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Goodbye, Parsons Presumption

Written by: Robert J. McCune, Esq.

It is of course the plaintiff’s initial burden of proof to establish that their work-related accident caused compensable injuries. What happens when the plaintiff develops different injury claims arising from that same accident? In Parsons v. Pantry, Inc., 126 N. C. App. 540 (1997), our Court of Appeals determined that the burden was on the defendant to rebut causation as to the new injuries, where plaintiff had already established causation in a prior hearing. The reasoning was that “[t]o require plaintiff to re-prove causation each time she seeks treatment for the very injury that the Commission has previously determined to be the result of a compensable accident is unjust and violates our duty to interpret the Act in favor of injured employees.”It is of course the plaintiff’s initial burden of proof to establish that their work-related accident caused compensable injuries. What happens when the plaintiff develops different injury claims arising from that same accident? In Parsons v. Pantry, Inc., 126 N. C. App. 540 (1997), our Court of Appeals determined that the burden was on the defendant to rebut causation as to the new injuries, where plaintiff had already established causation in a prior hearing. The reasoning was that “[t]o require plaintiff to re-prove causation each time she seeks treatment for the very injury that the Commission has previously determined to be the result of a compensable accident is unjust and violates our duty to interpret the Act in favor of injured employees.”

Thus a rebuttable presumption was born in the plaintiff’s favor, holding that once a plaintiff has proven causation, or causation has been admitted, between the work-related accident and the claimed injuries, that the presumption thereafter at any hearing is that their new complaints were related to the compensable accident.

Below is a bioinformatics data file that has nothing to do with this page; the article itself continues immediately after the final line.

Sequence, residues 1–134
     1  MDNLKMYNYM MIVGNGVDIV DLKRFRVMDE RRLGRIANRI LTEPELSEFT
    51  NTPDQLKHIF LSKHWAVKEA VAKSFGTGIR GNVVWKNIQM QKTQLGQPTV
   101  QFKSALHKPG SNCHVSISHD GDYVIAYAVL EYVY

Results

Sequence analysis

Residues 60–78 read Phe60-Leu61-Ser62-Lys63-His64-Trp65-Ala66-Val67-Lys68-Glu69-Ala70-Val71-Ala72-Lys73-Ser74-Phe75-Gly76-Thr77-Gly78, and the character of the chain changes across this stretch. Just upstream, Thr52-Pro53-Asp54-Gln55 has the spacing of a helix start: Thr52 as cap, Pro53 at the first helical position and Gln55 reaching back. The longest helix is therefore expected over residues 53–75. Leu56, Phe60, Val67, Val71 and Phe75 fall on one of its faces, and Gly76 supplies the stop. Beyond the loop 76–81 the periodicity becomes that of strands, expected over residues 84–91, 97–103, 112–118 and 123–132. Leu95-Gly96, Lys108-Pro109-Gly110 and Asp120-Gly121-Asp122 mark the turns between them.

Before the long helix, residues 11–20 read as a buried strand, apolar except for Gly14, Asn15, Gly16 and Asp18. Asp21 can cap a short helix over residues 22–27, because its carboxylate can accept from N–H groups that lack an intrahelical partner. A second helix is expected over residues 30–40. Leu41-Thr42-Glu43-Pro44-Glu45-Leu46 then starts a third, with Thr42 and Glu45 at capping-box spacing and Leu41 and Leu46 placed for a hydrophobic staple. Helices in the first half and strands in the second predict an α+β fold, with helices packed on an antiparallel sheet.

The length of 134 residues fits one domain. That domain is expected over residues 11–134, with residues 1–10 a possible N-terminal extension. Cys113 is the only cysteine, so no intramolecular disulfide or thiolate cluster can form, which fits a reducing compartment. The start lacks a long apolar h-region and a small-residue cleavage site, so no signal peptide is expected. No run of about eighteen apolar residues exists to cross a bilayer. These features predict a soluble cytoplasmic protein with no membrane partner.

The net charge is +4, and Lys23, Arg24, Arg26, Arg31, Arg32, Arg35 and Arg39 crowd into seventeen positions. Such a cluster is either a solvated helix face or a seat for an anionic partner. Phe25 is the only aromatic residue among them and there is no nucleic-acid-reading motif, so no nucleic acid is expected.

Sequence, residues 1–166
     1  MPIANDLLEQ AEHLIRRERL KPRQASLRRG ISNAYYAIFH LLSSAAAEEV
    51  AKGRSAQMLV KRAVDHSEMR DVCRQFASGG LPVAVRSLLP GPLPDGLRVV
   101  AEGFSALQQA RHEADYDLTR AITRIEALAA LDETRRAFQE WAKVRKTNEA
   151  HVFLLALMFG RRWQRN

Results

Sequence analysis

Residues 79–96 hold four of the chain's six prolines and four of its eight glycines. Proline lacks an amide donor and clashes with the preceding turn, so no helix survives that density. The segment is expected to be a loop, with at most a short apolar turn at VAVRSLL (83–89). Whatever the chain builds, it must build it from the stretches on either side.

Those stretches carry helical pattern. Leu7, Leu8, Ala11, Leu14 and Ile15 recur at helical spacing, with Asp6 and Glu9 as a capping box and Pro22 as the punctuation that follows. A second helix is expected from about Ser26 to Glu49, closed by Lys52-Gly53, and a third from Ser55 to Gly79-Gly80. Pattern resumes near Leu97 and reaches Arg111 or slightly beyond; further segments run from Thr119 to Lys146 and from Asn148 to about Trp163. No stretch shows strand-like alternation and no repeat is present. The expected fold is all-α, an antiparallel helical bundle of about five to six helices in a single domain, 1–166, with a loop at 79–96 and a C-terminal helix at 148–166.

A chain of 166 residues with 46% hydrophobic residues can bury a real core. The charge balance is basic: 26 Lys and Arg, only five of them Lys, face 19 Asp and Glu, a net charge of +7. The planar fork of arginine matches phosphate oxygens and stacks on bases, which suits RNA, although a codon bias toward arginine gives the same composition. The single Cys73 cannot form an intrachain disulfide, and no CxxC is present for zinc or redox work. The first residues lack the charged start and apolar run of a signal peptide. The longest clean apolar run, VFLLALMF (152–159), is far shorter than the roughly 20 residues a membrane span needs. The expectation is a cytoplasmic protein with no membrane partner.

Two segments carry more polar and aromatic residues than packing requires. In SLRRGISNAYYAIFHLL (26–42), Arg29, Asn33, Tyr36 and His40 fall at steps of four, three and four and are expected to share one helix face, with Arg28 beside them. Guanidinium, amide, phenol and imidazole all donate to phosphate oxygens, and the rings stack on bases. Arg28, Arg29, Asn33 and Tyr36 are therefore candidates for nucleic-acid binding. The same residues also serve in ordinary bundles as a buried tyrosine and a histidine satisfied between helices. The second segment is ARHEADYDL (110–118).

Thereafter another case, Wilkes v. City of Greenville, N.C. App., 777 S.E.2d 282 (2015) was decided, once again using the Parsons presumption to shift the burden of proof from the plaintiff to the defendant, regarding new complaints by the plaintiff following her initial award.  In Wilkes the defendant accepted plaintiff’s original claim as compensable, but described the injury as “MVA and had multiple injuries to ribs, neck, legs and entire left side.”  Thereafter plaintiff sought a hearing for work-related injuries including “depression, ringing in ears [tinnitus], memory loss, speech changes, dizziness, balance, etc.,” and that plaintiff was in need of further additional treatment, in the form of an evaluation by a neurosurgeon.  The Commission determined that the plaintiff met his burden as to the tinnitus, but did not meet his burden as to the depression. Upon plaintiff’s appeal, the Court of Appeals applied the Parsons presumption, and determined that it was up to the defendant to challenge the rebuttable presumption that these new and completely different injuries were not related to the original compensable injury.

The North Carolina Supreme Court took the case up on discretionary review at the request of the defendant, and addressed for the first time the Court of Appeals holding in Parsons and following cases. Unfortunately, the Supreme Court affirmed the Court of Appeals and the Parsons presumption in general.

Faced now with a final Supreme Court ruling solidifying the Parsons presumption for future cases, the North Carolina Workers’ Compensation defense bar went into action.

N.C. House Bill 26 (2017) was ratified on June 29, 2017, just 20 days after the North Carolina Supreme Court’s decision in Wilkes v. City of Greenville on June 9, 2017.  Governor Roy Cooper signed the Bill on July 20, 2017, and the Parsonspresumption was specifically done eliminated.  N.C.G.S. 97-82(b) now provides that an award of the Commission, either pursuant to agreement for compensation or “direct payment” (N.C.G.S. § 97-18(B) and (D)) “shall NOT create a presumption that medical treatment for an injury or condition not identified in the form prescribed by the Commission . . . is causally related to the compensable injury.  An employee may request a hearing pursuant to G.S. 97-84 to prove that an injury or condition is causally related to the compensable injury.”  Therefore the Parsons presumption is history, and pursuant to the new statute, if an injury was not previously identified as compensable, it must now be proven to be causally related by the plaintiff – not the defendant.

While plaintiff’s Workers’ Compensation attorneys will lament this new legislation, it is the defense’s position that this legislation simply puts the burden of proof where it belongs – on the plaintiff, when that plaintiff seeks compensation for new or different injuries than originally awarded or accepted by the defendant.